Some area that will be a huge advantage for kids growing up today is the development of their emotional intelligence, personal and corporate values, independent thinking, cherish creativity and curiosity, invest in artistic abilities, learn how to be a team player, and care for others.

Watch Jack Ma, co-founder of Alibaba, as he describes his similar views on this.

Because of these phases, we have in life and the demands that have been placed on us, we find it hard to adapt to change. The old brain of ours doesn’t do well in circumstances where we must constantly have to be changing, evolving, and learning new things. However, learning these skills mentioned above early in life may be one of the solutions for the new generation to thrive in the new economy, as well as being a life-long learner.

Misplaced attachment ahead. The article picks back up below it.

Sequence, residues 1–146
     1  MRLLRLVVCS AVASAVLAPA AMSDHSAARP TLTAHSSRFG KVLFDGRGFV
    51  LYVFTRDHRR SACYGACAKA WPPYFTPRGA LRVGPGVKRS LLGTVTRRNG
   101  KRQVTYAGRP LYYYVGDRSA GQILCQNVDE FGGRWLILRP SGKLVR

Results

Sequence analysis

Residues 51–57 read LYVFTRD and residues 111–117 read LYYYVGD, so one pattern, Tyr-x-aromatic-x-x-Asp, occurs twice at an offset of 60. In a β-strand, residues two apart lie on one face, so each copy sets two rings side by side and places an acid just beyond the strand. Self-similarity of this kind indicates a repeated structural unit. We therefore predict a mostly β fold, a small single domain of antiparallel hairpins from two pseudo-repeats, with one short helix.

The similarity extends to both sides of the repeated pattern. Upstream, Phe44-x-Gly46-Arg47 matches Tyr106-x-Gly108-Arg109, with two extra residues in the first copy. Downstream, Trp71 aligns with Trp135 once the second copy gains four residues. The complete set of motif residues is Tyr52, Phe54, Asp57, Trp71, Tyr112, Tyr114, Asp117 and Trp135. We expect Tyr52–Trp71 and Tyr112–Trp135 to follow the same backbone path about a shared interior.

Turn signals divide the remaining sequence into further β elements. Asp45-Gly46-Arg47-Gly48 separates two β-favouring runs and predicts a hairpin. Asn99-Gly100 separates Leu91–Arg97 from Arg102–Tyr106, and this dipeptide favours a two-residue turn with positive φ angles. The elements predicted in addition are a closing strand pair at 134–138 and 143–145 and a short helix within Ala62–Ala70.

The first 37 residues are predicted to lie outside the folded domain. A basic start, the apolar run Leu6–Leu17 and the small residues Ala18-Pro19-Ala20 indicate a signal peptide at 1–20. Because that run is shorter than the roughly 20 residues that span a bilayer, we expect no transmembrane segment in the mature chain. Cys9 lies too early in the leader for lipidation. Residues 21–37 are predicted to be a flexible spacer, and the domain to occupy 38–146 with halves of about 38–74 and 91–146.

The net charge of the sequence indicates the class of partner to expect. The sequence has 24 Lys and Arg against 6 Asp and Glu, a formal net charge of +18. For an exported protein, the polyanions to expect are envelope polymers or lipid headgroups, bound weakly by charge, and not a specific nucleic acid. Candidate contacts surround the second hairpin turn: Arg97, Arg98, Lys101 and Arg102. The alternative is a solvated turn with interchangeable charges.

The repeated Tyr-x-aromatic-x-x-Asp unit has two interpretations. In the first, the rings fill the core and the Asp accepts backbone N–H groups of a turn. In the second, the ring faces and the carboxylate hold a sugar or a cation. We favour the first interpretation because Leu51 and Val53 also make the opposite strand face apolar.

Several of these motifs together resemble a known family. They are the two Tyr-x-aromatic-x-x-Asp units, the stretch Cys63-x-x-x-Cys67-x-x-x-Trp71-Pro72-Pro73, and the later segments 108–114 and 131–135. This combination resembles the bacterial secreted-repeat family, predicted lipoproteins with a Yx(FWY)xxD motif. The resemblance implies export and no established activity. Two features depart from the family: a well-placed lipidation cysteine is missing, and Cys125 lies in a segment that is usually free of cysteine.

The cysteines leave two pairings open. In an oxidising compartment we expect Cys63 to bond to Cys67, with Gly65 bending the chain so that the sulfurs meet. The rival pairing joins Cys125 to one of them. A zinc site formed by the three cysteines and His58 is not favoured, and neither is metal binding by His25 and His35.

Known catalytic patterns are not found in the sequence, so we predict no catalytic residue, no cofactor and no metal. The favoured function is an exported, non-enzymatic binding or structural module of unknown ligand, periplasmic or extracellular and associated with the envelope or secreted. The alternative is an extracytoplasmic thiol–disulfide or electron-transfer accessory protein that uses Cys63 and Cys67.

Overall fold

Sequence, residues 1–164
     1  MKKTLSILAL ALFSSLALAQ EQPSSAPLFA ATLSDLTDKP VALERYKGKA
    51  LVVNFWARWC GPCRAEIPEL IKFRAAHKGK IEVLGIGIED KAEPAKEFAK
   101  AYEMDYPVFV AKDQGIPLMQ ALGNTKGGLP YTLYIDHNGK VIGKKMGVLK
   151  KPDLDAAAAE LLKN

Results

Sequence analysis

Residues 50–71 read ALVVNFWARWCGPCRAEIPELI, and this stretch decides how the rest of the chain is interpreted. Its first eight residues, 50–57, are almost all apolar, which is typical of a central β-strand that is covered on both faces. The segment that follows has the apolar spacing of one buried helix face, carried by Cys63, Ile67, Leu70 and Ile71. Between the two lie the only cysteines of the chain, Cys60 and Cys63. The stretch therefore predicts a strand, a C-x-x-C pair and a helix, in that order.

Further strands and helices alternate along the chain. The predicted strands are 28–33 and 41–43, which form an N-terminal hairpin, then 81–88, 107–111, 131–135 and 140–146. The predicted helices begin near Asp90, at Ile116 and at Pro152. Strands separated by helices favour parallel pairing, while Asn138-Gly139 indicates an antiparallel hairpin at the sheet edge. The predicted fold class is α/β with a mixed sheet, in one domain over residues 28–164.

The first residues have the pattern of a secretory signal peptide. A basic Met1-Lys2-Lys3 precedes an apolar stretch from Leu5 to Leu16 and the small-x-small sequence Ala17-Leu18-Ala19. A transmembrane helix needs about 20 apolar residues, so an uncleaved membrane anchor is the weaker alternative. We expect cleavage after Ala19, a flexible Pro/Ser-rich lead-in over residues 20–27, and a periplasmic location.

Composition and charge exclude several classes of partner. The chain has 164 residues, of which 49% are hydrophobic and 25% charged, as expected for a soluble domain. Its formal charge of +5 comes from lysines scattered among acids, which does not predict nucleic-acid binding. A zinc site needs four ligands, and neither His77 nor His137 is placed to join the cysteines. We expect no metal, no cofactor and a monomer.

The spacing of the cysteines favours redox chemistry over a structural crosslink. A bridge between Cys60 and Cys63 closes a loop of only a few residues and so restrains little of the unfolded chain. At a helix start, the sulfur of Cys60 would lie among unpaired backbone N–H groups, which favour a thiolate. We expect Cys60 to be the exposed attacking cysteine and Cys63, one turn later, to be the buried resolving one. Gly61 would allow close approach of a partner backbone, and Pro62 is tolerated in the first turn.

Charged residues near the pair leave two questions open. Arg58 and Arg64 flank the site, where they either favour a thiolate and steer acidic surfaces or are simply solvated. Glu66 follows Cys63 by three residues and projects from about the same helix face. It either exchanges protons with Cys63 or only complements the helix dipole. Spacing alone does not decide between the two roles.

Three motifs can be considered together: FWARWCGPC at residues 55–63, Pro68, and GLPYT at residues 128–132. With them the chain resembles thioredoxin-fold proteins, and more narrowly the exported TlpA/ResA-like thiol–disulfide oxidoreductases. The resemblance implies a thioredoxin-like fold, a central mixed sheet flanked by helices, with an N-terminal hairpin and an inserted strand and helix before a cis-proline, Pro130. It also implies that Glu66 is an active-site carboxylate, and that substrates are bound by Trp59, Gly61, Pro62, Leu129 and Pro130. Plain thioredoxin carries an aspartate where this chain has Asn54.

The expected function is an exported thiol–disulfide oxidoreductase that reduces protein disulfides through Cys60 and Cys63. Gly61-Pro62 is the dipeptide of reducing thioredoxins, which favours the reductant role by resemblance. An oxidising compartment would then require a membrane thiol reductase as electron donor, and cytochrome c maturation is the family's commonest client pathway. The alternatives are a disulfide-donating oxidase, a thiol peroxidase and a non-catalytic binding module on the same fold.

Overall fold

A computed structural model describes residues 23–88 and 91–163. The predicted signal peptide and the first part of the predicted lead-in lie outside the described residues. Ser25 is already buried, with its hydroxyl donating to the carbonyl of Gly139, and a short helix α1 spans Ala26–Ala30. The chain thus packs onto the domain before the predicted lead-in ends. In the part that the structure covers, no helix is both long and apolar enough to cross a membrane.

Long gone is the idea that a four-year degree is enough, or a master or even a Ph.D. will guarantee anyone a lifelong sustainable financial stability. The future is self-learning till retirement if that’s one’s plan and beyond. No one will be able to survive the modern economic force by relying solely on one set of information or one set of skills. You will have to know a lot more than just a few things. This is why many companies are investing heavily in developing their employees in such a way that they become lifelong learners to the extent of setting aside a budget to help these individuals get more knowledge and skills necessary for the demands already in place.